People who spend a lot of time online have no doubt been asked to visit Change.org, a US-based petition site with more than 100 million users. This past December, for example, an unprecedented 4.6 million people signed a Change.org petition to make Hillary Clinton president.
The majority of petitions are focused on more niche campaigns, many with a local interest. However, for the past few years, the platform has been used for something else entirely – piracy.
Way back in 2012, UFC-owner Zuffa complained to Google that someone had posted links to its PPV event, UFC 153, on Change.org. For the next several years, the complaints continued to come in, from giants including Columbia Pictures (The Interview), Lionsgate (The Expendables), publisher Simon & Schuster, and dozens of others.
For the most part, complaints have been fairly well spread out. However, during recent months the frequency has increased to a few complaints a week. It’s rare for Google to remove search links since it appears that Change.org acts quickly to remove content.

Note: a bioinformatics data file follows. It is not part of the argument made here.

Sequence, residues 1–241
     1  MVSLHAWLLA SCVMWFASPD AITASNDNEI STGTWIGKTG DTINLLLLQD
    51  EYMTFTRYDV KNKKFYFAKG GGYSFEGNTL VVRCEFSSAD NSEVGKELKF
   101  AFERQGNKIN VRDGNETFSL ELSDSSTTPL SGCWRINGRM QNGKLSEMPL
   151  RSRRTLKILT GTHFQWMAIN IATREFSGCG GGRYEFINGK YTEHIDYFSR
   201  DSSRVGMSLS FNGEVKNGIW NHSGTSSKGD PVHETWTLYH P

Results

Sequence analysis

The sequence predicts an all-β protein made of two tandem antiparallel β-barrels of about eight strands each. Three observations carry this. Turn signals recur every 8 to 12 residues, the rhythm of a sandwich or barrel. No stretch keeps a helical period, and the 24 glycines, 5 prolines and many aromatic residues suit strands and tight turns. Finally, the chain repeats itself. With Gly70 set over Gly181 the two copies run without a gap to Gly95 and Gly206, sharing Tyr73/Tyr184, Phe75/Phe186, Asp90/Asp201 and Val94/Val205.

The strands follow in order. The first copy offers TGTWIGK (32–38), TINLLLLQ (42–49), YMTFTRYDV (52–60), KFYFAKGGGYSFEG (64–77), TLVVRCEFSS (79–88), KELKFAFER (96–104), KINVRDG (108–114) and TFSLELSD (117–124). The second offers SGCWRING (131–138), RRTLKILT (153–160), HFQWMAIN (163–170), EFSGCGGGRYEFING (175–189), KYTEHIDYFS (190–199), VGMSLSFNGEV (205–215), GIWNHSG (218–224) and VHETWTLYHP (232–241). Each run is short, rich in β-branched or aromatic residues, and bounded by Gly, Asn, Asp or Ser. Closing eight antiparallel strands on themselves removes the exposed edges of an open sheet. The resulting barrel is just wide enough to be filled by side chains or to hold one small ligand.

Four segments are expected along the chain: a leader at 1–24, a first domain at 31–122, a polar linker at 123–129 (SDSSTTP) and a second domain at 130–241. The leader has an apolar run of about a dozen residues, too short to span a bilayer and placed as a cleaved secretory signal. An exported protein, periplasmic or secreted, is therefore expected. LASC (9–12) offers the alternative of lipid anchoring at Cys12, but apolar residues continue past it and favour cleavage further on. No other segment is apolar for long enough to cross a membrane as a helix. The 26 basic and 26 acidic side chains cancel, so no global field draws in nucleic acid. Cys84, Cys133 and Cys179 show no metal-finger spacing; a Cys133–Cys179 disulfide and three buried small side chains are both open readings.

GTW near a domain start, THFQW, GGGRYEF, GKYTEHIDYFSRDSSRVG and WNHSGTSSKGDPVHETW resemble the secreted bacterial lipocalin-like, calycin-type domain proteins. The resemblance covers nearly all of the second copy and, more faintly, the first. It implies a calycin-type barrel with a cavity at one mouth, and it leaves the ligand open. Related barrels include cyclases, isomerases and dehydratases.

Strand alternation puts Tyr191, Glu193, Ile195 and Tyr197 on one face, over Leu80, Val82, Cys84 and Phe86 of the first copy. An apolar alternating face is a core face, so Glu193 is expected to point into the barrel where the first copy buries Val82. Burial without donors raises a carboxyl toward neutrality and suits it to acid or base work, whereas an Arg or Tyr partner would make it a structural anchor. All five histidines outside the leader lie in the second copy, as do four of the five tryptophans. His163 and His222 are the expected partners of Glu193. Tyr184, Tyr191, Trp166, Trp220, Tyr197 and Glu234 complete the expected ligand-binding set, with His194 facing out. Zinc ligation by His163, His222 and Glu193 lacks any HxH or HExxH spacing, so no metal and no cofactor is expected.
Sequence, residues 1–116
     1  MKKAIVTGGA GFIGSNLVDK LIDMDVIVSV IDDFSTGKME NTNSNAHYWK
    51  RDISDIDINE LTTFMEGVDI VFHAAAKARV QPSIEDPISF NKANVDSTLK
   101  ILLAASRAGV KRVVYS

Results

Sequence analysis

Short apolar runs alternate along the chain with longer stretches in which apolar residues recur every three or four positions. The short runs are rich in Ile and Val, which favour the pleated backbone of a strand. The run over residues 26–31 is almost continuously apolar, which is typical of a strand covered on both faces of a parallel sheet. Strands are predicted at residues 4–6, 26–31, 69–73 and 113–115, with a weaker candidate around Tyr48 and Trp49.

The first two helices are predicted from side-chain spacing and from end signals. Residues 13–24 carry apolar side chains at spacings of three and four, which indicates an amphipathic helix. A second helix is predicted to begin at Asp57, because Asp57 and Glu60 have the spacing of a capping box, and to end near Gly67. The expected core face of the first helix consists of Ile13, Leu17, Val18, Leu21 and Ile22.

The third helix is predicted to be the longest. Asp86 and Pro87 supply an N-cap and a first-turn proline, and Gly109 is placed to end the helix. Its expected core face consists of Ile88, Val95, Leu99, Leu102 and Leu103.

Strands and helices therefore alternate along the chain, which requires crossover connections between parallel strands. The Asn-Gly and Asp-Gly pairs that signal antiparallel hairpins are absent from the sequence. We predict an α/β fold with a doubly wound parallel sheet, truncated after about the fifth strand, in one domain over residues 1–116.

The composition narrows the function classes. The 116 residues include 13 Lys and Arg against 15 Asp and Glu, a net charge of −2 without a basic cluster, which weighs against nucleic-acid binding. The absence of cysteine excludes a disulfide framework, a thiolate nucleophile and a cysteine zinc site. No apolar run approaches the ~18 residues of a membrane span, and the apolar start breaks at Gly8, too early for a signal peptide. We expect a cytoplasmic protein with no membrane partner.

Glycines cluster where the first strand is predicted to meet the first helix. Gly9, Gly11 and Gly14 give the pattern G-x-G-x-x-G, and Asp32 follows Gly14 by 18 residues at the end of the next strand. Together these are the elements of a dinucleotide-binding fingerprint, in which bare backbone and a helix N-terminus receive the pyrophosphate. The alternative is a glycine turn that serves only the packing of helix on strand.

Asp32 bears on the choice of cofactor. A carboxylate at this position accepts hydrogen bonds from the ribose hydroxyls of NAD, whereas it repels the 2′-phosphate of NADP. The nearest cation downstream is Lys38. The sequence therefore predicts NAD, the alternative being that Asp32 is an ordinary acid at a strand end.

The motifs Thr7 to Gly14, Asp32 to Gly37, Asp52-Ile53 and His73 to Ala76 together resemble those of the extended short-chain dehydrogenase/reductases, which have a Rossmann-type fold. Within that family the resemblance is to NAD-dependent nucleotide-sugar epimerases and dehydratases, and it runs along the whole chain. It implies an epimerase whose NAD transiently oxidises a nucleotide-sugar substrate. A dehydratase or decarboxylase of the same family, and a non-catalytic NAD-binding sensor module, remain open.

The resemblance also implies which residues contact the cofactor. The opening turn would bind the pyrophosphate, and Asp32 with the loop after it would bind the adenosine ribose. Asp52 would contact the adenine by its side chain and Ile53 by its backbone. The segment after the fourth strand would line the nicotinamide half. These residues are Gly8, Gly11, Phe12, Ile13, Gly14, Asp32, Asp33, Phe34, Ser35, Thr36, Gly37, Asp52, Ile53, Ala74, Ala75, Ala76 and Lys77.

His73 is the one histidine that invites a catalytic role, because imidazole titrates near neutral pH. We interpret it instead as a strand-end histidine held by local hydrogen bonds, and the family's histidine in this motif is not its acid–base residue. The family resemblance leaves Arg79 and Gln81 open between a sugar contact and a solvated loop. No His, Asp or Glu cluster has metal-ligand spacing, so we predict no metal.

However, a scan through the site itself reveals hundreds of ‘petitions’ containing numerous ‘pirate’ terms.
Links are accessible to anyone, but people actually sign in and comment with gems like “I wanna watch straight outta compton” and “I’m signing because i’m very anxious to watch this movie and I love rap music.”
Another, which is perhaps more insightful, suggests an educational benefit. “People should know of what it was like living back in the streets,” the voter wrote.
However, it seems likely from the comments left by some Change.org members that their decision to vote for a free movie download turned into a rather unpleasant experience. This user expected “[BluRay-1080p] ‘Warcraft’ On-line Movie  F.ull F.r.e.e” but got something else.
A pair of users from Australia and New Zealand, who signed a petition for “The Hunger Games: Mockingjay – Part 2”, give their reasons for supporting the cause as follows.